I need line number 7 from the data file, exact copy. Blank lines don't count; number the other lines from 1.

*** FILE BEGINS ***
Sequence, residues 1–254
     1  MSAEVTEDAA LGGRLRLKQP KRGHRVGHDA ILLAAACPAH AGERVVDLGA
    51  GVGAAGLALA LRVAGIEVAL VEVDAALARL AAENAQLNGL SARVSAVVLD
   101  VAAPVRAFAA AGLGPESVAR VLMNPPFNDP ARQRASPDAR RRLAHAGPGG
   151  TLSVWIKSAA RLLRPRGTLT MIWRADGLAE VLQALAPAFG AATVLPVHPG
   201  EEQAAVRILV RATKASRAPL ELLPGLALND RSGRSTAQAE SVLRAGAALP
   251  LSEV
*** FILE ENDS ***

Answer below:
   251  LSEV